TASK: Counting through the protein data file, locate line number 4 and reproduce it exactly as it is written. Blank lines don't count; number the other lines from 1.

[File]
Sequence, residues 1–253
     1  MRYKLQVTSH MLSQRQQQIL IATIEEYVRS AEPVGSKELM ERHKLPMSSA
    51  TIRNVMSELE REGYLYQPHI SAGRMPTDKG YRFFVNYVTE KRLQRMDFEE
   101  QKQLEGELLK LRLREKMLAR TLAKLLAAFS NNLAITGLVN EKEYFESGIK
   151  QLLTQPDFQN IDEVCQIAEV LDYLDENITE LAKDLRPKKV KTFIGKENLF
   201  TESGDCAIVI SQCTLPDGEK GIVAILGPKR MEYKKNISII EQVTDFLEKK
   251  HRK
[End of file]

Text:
   101  QKQLEGELLK LRLREKMLAR TLAKLLAAFS NNLAITGLVN EKEYFESGIK